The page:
Putin was not driven by NATO but by the fact that Ukrainians had rejected a pro-Russian leader and demanded an end to corruption and a vibrant democracy that would integrate more closely with the Euro-Atlantic community. If Ukrainians succeeded in realizing those goals, Putin worried, Russians might demand the same. So he sought to upend the revolution, starting with Crimea’s annexation and then moving into the Donbas region, where Russian aggression is responsible for more than 14,000 deaths. As Latvian Prime Minister Arturs Krisjanis Karins commented in January, “Moscow is not afraid of NATO forces but Ukrainian democracy.”
Not surprisingly, after Russia’s invasion, support for joining NATO among Ukrainians has jumped to roughly 60 percent. And yet Zelensky’s push for membership commitments from Western leaders has largely fallen on deaf ears. President Joseph Biden has expressed “unwavering support” for Ukraine in its struggle with Moscow, but he has cited problems of corruption as holding back Ukraine’s NATO aspirations. Few observers, including most in Moscow, believe Ukraine’s membership in NATO is likely any time soon. In a January 19 press conference, Biden reinforced that impression: “The likelihood that Ukraine is going to join NATO in the near term is not very likely based on much more work they have to do in terms of democracy and a few other things going on there, and whether or not the major allies in the West would vote to bring Ukraine in right now.” Biden reportedly reiterated his lack of support for NATO membership in a call with Zelensky on January 27.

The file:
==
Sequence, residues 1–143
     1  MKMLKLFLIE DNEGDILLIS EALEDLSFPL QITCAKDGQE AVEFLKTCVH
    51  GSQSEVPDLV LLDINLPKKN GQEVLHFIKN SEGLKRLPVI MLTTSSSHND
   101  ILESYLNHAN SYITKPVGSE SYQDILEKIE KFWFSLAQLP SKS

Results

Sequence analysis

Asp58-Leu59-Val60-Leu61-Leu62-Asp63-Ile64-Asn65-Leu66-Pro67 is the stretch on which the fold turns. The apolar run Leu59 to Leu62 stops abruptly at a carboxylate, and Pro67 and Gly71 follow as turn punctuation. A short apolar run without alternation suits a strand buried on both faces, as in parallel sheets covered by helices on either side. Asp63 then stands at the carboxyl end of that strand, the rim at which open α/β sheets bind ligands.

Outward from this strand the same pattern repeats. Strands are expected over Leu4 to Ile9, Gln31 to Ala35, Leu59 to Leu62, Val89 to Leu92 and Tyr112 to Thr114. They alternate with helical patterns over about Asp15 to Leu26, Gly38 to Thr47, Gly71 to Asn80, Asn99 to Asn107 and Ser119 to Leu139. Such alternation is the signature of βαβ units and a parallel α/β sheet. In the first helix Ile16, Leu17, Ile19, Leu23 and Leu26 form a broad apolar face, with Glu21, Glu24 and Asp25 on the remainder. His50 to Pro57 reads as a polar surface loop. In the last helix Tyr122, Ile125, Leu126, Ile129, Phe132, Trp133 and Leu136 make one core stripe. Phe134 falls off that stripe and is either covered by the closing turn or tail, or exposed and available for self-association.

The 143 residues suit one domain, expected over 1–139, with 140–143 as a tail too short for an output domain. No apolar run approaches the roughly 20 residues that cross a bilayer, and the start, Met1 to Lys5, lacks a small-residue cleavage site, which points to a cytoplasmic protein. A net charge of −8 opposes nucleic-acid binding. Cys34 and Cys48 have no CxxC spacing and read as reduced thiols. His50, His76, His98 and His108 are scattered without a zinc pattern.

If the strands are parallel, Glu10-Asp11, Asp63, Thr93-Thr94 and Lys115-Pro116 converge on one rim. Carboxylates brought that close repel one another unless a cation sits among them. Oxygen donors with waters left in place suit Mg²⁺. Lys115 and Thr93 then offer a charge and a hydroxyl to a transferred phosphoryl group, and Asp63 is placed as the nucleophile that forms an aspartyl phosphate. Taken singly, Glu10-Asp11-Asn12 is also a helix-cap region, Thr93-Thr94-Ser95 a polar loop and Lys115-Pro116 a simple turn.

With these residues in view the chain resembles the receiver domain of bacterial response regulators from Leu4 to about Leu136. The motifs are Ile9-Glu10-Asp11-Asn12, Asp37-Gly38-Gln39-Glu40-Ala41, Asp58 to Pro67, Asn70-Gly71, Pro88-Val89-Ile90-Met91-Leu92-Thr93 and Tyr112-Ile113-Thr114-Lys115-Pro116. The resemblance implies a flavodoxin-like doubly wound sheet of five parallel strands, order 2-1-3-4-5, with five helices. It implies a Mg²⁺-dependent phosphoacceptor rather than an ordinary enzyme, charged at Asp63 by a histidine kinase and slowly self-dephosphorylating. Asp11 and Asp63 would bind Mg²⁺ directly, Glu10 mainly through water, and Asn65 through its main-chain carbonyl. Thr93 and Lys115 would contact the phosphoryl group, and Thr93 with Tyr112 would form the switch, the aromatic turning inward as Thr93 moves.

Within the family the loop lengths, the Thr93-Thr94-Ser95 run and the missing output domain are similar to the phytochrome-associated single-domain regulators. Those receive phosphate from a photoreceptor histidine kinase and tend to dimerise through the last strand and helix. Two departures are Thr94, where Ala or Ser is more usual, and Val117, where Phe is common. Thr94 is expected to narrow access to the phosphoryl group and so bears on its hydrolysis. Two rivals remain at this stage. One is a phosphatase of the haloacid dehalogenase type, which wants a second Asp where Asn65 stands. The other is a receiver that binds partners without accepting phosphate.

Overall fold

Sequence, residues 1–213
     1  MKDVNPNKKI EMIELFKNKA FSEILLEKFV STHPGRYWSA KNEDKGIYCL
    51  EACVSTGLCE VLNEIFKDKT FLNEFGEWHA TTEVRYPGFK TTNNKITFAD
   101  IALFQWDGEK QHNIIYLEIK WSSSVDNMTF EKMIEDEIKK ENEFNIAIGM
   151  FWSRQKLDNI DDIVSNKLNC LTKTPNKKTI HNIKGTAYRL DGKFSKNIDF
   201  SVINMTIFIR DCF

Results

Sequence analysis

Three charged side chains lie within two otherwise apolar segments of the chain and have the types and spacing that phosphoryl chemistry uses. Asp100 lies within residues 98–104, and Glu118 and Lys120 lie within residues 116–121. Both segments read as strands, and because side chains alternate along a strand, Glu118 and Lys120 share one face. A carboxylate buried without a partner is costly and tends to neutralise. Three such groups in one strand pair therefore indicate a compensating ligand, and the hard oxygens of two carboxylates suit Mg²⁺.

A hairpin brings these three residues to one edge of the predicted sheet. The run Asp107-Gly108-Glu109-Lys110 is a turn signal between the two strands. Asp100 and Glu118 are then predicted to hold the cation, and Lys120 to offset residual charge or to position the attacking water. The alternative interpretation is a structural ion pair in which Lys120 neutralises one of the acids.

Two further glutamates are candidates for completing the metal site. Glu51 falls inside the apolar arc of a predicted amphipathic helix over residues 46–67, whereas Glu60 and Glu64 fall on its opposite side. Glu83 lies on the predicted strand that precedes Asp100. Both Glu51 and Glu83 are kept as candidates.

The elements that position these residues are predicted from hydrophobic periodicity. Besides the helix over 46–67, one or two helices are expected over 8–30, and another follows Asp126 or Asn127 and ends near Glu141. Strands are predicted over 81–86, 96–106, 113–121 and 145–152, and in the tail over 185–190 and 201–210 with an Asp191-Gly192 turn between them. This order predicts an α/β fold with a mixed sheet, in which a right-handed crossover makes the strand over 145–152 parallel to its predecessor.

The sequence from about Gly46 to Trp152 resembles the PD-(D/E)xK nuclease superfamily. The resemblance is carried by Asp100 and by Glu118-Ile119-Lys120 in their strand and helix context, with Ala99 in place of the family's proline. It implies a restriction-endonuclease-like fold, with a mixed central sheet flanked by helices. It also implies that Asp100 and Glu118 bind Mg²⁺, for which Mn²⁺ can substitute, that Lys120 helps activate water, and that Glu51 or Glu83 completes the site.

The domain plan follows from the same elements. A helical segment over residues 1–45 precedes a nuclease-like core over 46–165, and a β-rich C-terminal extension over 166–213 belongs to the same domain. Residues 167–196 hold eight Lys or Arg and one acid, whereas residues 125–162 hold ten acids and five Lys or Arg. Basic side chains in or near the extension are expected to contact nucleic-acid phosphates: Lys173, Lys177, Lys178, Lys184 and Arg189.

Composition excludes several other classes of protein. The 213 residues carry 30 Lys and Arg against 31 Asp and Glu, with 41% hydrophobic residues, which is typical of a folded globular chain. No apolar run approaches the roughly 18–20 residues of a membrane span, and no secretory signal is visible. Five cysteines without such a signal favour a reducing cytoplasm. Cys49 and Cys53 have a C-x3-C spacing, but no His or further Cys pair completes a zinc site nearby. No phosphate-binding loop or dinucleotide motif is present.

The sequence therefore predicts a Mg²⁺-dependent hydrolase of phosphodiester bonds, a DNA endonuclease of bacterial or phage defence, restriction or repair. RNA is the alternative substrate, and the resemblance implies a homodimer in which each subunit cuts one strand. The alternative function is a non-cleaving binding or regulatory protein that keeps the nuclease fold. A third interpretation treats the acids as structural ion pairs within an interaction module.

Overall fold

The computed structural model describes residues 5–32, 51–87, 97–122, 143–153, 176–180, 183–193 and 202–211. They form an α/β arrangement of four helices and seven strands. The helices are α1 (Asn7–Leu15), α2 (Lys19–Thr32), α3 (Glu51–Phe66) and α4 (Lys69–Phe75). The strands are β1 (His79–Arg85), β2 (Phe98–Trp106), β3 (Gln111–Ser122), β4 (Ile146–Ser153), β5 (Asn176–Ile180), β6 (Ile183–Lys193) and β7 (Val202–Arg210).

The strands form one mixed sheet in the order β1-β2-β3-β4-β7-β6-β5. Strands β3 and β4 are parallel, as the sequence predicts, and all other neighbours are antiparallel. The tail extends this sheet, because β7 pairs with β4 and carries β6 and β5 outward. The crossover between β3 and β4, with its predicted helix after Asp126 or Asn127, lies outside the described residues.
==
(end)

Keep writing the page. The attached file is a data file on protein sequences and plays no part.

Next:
In a 7,000-word tirade published on the Kremlin website last July, Putin argued Ukraine was part of Russia and not a real nation. He mentioned NATO twice, but neither reference had anything to do with Ukraine’s possible membership. It is more recently that Russian officials made a major issue of Ukraine’s interest in membership, to the point of demanding legal guarantees that NATO slam its door shut on any new members in Russia’s neighborhood. They likely saw this as another wedge issue they could exploit to sow divisions within Europe, between Europe and the United States, and reportedly even within the Biden administration itself. (The State Department is more reluctant to abandon the traditional open-door policy and negotiate limits on NATO military activities than are parts of the National Security Council.)
Ukraine and Georgia have criteria to satisfy before they would qualify for membership, but both already have contributed more to NATO operations, especially in Afghanistan, than some current members. Both also have, as the victims of Russian military aggression, extensive combat experience with Russian forces and their proxies, which could provide NATO with useful lessons.
Closing the door to NATO for Ukraine and Georgia—while many Russian guns are pointed at Ukraine—would be a terrible mistake, punishing two countries that have already suffered thanks to Putin while rewarding the Russian leader for his aggression. Neither may be joining the alliance imminently, but keeping the possibility alive signals that NATO does not recognize Putin’s claim to a sphere of influence. Rather than pointing out how distant Ukraine’s hopes of joining NATO are, the Biden administration should take a very different approach: reiterate the traditional open-door policy; point out that a democratic Russia would be a potential member; make statements that address Swedish and Finnish concerns about whether the door remains open to them; and insist that Russia live up to its existing international obligations before negotiating any additional confidence-building measures or limitations on conventional forces.
Failure to keep NATO’s door open will only encourage Putin to engage in more land grabs on the assumption that he can kill aspiring countries’ chances for membership by engineering territorial disputes. NATO must prove Putin wrong, reaffirming that he has no veto over NATO membership, and that aggression will harden the alliance’s determination to live up to its commitments and make more likely the very thing he purports to fear.